COVID-19: 2 years into pandemic, original virus nowhere as variants take over

Data from GISAID has revealed the current dominance of the GK clade, to which the Delta variant belongs, in nearly every continent

By Taran Deol
Published: Monday 29 November 2021

It was almost two years ago that a mysterious virus emerged in Wuhan in China’s Hubei province and soon spread worldwide. Now, as the world prepares for another bout with the novel coronavirus disease (COVID-19), the original strain is nowhere to be seen.

According to the nomenclature set by the Global Initiative on Sharing Avian Influenza Data (GISAID) — the world’s largest database of novel coronavirus genome sequences — the S and L clades of the SARS-CoV-2 virus were found at the beginning of the pandemic.

A clade is “a group of organisms that all originate from a common ancestor.” During the early days of the pandemic, while S remained prevalent, L split into G and V, after which G split into several other branches.

Data from GISAID — visualised by the Computational Bioscience Research Center at King Abdullah University of Science and Technology in Saudi Arabia — reveals the current dominance of the GK clade, to which the delta variant belongs, in nearly every continent. 

In Africa, its proportion is 34.41 per cent, in Asia it is 52.04 per cent, in Australia and Oceania it is 51.17 per cent, in Europe it is 51.16 per cent and in North America, it is 53.17 per cent.

South America is the only continent where the lambda variant, a variant of interest (VOI) first found in Peru in December 2020, dominates at 53.91 per cent. Here, the GK clade accounts for 24.99 per cent.

The WHO’s latest weekly epidemiological update on COVID-19 from November 23 also maintains the delta variant continues to dominate across the globe “with the prevalence of other variants continuing to decline.”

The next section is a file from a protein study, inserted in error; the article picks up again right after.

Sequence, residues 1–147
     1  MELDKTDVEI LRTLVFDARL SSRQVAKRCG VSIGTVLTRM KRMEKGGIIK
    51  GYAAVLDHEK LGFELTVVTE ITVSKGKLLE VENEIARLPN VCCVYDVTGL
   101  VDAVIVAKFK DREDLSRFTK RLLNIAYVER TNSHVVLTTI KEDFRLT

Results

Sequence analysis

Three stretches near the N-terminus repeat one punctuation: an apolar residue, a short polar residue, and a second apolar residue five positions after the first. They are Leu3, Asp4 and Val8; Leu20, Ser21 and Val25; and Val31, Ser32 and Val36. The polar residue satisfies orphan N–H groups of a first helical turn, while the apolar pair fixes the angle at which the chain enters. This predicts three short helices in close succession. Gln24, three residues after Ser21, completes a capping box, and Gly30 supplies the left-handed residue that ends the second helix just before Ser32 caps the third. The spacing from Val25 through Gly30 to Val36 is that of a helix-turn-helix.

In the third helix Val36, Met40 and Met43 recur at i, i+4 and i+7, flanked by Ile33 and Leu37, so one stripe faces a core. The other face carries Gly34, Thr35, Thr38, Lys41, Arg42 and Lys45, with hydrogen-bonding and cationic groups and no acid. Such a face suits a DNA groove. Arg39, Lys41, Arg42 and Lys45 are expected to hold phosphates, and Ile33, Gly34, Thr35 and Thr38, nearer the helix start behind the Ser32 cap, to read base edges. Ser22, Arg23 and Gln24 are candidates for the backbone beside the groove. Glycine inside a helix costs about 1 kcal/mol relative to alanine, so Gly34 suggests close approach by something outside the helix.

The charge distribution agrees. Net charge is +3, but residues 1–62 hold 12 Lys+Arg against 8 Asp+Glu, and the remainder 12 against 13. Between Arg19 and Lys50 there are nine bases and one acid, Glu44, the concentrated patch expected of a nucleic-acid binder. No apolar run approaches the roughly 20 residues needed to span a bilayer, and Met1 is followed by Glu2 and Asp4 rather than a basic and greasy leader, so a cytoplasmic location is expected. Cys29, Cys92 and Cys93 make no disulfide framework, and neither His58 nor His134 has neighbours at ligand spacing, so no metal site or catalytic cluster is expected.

The GRY clade’s proportion, to which the UK variant belongs, stands at 27.65 per cent in Europe, followed by 17.08 per cent in Asia, 13.38 per cent in North America and 5.15 per cent in Africa. Its presence in South America and Australia and Oceania is extremely low, at 0.16 per cent and 1.31 per cent respectively.

In Africa, the beta variant — first found in South Africa in December 2020 — belonging to the GH clade is most rampant after the delta variant at 16.2 per cent. Its proportion in other continents is less than 5 per cent, barring North America where its figure stands at 7.23 per cent.

The original strain was in circulation in early 2020 after which the G clade took over, according to GISAID data. The original strain was in high proportions and took longer to phase out in Asia, while the G clade took over rapidly in North America.

The L and S clades were hardly in circulation in South America, Africa and Oceania and were quickly replaced by G clades. In January 2021, the L and S clade’s presence had come down to 1.2 per cent and 2.1 per cent respectively.

New variant 

The WHO has recognised five variants of concern (VOC) and two VOIs in the nearly two years since COVID-19 hit.